Exploring Coalmine Beach Heritage Trail, Walpole 2024

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Visiting Walpole? Don’t miss the Coalmine Beach Heritage Trail.

Surrounded by the typical bushland of the area, this path invites you to meet local wildlife, uncover historical secrets, and relish the peace of the great outdoors.

When we walked the trail in early February, the path was alive with birds, and we even spotted a juvenile snake. Yet, the most unforgettable moment was seeing a quokka.

Such a rare and delightful encounter truly showcases the trail’s vibrant ecosystem.

Wondering how you can increase your chances of wildlife sightings?

The key is to keep a gentle pace and stay as quiet as possible, allowing you to blend into the surroundings.

Coalmine-Campsite--Heritage-Trail-path-close-to-Walpole-town with sandy trail and trees either side
The Coalmine Heritage Trail path ©Lifejourney4two

This trail winds through diverse landscapes, offering glimpses into the local flora and fauna.

Interpretative signs dotted along the path provided a glimpse into the lives of early settlers, adding depth to our walk with stories of their survival and adaptation in the 1930s.

The trail suits anyone eager for a serene walk with a side of historical learning and immersion into Western Australia’s bushland.

Staying at the Coalmine Beach Caravan Park added to our experience, providing a peaceful place to unwind and connect with nature.

Information sign about the Trail at Coalmine Beach

Coalmine Beach Heritage Trail Map

Our interactive map shows the easy 6km return trail from the Walpole-Nornalup Visitor Centre at Pioneer Park, Walpole, to Coalmine Beach. 

In a Nutshell: Key Tips for the Coalmine Beach Heritage Trail

If you are in a hurry – here’s a condensed version of this article:

Quick Tips for Enjoying the Coalmine Beach Heritage Trail

  • Sun Protection: The trail is quite exposed. Don’t forget to bring a hat and sunscreen to protect yourself from the sun.
  • Stay Hydrated: Having some water with you is a good idea, especially if it’s hot.
  • Navigation: Keep an eye out for trail markers. It’s easy to get distracted near the town centre sign (heading from Coalmine to the town). We ended up walking along the road rather than on the trail because we missed the sign pointing to the other side of the road.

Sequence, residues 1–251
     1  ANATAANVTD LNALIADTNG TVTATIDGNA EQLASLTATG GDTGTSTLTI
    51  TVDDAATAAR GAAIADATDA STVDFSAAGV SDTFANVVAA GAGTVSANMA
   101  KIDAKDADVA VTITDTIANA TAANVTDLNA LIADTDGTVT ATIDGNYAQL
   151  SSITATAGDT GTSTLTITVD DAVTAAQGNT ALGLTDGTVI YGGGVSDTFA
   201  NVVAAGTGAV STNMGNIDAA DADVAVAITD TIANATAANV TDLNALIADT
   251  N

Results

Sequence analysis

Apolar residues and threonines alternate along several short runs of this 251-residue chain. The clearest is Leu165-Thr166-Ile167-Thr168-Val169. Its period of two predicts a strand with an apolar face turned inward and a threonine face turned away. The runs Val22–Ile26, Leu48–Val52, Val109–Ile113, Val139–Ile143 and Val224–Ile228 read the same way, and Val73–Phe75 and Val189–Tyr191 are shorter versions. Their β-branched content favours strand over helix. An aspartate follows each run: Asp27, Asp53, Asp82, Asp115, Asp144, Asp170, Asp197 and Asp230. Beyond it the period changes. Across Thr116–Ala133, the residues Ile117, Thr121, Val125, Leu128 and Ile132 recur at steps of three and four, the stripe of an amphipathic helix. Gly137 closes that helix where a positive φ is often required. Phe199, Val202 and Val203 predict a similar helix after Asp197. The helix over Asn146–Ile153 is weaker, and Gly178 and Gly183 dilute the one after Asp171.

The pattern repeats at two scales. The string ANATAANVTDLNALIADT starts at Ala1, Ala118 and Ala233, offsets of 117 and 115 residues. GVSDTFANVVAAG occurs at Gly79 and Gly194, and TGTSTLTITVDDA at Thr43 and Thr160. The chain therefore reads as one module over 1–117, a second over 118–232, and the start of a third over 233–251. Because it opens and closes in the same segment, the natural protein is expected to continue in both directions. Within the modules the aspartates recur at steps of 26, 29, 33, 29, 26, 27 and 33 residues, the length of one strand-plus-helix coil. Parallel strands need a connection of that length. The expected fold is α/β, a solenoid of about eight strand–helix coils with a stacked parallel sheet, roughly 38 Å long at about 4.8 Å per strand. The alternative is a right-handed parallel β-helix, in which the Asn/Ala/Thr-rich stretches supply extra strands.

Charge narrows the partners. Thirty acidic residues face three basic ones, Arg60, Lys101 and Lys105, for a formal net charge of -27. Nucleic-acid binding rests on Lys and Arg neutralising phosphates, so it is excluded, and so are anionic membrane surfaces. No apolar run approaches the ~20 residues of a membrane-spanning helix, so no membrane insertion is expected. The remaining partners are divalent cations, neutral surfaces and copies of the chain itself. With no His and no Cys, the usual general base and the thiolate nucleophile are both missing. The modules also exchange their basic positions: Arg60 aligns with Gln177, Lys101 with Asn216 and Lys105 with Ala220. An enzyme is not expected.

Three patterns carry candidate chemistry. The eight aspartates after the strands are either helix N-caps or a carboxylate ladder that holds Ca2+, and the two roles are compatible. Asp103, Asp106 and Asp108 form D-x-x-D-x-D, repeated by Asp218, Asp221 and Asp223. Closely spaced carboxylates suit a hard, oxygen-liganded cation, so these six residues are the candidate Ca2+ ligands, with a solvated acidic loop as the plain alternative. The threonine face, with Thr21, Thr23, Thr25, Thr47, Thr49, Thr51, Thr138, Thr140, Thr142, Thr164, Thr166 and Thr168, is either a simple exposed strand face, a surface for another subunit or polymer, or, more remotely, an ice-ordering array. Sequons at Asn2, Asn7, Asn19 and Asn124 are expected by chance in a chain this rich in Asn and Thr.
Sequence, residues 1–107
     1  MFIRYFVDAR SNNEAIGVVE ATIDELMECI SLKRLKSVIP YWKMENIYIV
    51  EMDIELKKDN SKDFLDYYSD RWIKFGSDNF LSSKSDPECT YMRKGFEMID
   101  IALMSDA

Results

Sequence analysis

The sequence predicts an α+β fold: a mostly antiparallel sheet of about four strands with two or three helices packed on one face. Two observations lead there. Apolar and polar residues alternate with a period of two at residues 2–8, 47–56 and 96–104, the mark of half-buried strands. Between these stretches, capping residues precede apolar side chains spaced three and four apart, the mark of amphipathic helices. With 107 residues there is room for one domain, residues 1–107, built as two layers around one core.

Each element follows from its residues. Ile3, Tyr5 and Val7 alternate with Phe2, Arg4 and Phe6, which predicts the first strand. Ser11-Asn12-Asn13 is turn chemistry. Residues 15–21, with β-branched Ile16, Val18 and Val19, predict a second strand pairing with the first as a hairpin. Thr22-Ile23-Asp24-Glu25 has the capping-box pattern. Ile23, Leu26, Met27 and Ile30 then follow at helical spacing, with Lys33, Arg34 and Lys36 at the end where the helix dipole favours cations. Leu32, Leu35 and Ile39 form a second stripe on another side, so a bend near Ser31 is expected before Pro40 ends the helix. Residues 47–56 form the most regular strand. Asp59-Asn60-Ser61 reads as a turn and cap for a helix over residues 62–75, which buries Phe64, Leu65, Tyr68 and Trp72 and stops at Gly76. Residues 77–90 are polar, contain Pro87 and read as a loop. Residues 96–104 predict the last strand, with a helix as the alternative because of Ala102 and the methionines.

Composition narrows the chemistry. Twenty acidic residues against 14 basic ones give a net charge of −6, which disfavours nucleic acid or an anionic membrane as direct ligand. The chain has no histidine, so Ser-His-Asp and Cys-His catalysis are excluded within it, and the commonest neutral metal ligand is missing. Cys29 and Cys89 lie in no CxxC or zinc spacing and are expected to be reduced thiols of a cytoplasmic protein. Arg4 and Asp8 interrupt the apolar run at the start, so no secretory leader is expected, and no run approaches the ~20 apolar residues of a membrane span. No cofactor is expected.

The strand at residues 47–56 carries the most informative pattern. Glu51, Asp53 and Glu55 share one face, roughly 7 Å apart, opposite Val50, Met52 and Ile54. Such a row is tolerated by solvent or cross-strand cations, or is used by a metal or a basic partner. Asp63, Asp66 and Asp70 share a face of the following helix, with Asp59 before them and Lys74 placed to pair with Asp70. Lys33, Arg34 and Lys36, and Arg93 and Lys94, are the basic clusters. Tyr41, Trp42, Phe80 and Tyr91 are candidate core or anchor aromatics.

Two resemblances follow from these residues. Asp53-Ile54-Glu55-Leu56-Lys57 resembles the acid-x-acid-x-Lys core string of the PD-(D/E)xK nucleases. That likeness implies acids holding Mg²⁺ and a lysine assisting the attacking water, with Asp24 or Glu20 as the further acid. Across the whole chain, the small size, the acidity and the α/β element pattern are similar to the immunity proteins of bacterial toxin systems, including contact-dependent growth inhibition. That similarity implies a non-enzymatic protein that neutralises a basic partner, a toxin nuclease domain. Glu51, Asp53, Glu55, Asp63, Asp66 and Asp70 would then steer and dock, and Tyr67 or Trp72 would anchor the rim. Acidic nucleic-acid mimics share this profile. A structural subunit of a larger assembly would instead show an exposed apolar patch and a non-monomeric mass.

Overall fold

Must-See Highlights

  • Wildlife Encounters: Keep your camera ready for quokkas, fairy wrens, and maybe even a baby dugite snake (from a safe distance!).
  • Floral Beauty: Don’t miss the vibrant swamp bottlebrush in summer or the orchids blooming between October and December.
  • Birdwatching: Bring your binoculars. This area is great for birdwatching, with many species visible along the path. Here’s a birdwatching guide around Walpole to help identify them.

What to Remember

  • Footwear: Wear comfortable walking shoes. The 6 km return trail is mostly easy to navigate but includes varied terrain.
  • Timing: If you’re keen on spotting quokkas, dawn and dusk are the best times, though you might be lucky during the day as we were.
  • Stay Alert: Australia’s wildlife is beautiful but can be dangerous. Always keep a safe distance, especially from snakes.

After the Walk

  • Visit the Walpole Nornalup Visitor Centre: It’s a great source of information and a nice way to start or finish your journey.
  • Relax at Coalmine Beach: Have a picnic, swim, or enjoy the scenery.

Where to Stay

Coalmine Beach Caravan Park: Either camp with your own caravan, camper, or tent or book a cabin or luxury tent.

View across grasst rees, bushes and trees
One of the many views along the Heritage Trail ©Lifejourney4two

The Heritage Trail and Its Wonders

This Coalmine Beach Heritage Trail section forms part of the extensive Bibbulmun Track, stretching 1000km from Kalamunda in the Perth Hills to Albany on the south coast of Western Australia. 

Bibbulum Track symbol on a post on the Coalmine Heriatge Trail
The Bibbulum Track Waugal symbol (rainbow serpent of the Aboriginal Dreaming ) on the Coalmine Heritage Trail ©Lifejourney4two

It is mainly flat and has a mixture of terrain, including pea gravel paths, boardwalks over Collier Creek and swamplands and paths through the forest.

Wooden Boardwalk over Collie Creek
Boardwalk on the trail over Collier Creek ©Lifejourney4two
Shelley walking along the Pea gravel path through trees
The path is mainly is mainly coated with pea gravel ©Lifejourney4two
Some sandy trails through trees
Part of the Coalmine Heritage Trail on sandy soil ©Lifejourney4two

The Route from the Visitor Centre to the Beach

The Heritage Trail, spanning 3 km (6 km return), can be started at either the Walpole Nornalup Visitor Centre or Coalmine Beach.